If you're one of those people whose eyes risk becoming stuck in the rolled-back position every time one of your Facebook friends posts some saccharine saying about how life is a dream and hard work conquers all and yada yada yada, this book is truly meant for you.
PewDiePie, who as of this post time has well over 40 million subscribers on YouTube (the most of anyone, BTW), is a video game enthusiast-turned-web sensation by day and, now, moonlights as a satirical self-help author.
PDP (real name: Felix Arvid Ulf Kjellberg) has spent the better part of his adult life entertaining the masses with his four letter word-filled game-along session vids, and when the time came for him to translate his massive web success into a book, he opted out of the usual memoir-style celeb fluff and went straight for the gullet of the rampant world of inspirational quote-sharing. And the results are hilariously brutal.
"This Book Loves You," Felix's debut book is a colorful coffee table-style book filled with snarky graphics that tear all those motivational maxims into bitter truths, like "the more f--ks you give, the more f--ks you lose" and "running out of money doesn't count as exercise."
Kjellberg tells MTV News that the reason he didn't tap out a 300-page narrative on his childhood obsession with Sonic the Hedgehog (we presume), or exactly how he came to believe he is "secretly a duck," is because he knew it'd be more fun for his Bro Army this way. And, frankly, he's right.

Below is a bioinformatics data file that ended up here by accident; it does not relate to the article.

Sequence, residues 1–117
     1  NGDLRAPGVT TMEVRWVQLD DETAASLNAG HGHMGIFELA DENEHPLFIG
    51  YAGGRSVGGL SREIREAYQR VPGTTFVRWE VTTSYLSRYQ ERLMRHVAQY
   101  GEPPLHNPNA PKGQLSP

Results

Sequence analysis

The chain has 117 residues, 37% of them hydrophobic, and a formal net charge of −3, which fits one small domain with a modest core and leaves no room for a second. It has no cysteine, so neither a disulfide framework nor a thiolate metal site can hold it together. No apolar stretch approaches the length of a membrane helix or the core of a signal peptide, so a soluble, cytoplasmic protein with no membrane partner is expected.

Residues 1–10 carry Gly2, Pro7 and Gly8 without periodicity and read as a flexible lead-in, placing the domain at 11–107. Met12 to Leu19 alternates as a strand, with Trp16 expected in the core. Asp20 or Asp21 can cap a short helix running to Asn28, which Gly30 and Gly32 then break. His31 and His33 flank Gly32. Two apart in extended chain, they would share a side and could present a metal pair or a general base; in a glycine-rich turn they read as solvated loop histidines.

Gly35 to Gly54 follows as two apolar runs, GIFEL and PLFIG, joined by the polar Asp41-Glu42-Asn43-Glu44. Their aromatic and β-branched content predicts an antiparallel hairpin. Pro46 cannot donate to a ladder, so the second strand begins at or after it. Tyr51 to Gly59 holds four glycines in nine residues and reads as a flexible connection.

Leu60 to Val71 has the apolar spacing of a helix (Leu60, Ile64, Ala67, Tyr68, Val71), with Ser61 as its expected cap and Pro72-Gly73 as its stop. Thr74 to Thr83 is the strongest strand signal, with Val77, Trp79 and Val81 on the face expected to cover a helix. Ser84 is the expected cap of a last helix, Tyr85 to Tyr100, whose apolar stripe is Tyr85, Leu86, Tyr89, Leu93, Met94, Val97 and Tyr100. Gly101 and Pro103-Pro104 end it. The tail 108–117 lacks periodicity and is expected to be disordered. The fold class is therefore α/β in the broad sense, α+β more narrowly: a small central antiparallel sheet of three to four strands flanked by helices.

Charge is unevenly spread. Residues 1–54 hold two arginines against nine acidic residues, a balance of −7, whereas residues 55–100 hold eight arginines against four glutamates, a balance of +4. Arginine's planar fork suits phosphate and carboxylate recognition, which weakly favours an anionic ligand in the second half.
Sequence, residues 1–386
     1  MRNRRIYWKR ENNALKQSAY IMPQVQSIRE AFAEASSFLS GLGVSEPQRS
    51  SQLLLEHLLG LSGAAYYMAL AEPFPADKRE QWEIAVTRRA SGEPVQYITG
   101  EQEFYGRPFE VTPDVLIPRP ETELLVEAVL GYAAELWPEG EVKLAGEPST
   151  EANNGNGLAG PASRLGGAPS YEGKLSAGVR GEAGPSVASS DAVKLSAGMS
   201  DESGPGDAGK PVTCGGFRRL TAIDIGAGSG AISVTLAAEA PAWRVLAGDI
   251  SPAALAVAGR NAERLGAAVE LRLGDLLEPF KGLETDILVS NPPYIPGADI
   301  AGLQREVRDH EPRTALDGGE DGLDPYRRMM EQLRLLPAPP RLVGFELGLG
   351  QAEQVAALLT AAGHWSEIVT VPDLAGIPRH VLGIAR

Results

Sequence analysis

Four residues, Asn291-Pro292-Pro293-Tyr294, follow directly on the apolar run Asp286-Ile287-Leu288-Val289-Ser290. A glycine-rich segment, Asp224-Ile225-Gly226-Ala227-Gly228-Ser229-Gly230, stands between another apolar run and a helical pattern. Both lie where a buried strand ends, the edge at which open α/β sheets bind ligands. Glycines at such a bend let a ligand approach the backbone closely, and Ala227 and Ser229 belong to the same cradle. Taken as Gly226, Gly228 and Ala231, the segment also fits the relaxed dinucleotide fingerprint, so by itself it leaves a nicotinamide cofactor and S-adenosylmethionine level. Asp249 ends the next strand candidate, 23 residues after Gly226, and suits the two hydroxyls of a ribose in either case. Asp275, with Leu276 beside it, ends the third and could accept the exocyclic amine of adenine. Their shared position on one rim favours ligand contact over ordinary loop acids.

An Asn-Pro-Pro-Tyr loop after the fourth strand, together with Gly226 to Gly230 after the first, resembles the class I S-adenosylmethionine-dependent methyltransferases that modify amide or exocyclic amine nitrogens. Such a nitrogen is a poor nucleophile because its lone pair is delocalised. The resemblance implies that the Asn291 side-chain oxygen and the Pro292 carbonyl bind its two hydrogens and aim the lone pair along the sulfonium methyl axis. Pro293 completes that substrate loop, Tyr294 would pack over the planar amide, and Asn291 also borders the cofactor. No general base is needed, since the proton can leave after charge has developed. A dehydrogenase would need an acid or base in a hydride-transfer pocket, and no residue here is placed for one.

The book can be read cover to cover in the span of about minutes, but it provides ample references for the sarcastic mind and is well worth repeating.
"I work on projects that aim to be fun for fans, and the inspiration for 'This Book Loves You' actually came from them," Felix said. "I had posted a parody of an inspirational quote on social media and fans posted what I said over funny images, which was really entertaining. I wanted to do something more with that idea—and that’s where it all began."
Biting as his re-interpretations are, PewDiePie's not a full hater of the sweeter side of the motto business because they "can encourage people not to take things too seriously," but the siren song of helping those typical sweet nothings imbibe a little real talk hit, calling him to share truths like this one with the world: "Money can't buy happiness ... but it buys you all the things you don't have, even friends" set with the image of a couple happily cruising around on a jet ski. "I think everyone can relate to that quote," he says.
And the one that really gets him slapping his own knees is this: "You can't watch YouTube in prison, so don't kill anyone." Sound advice right there.
"This Book Loves You" is on shelves now.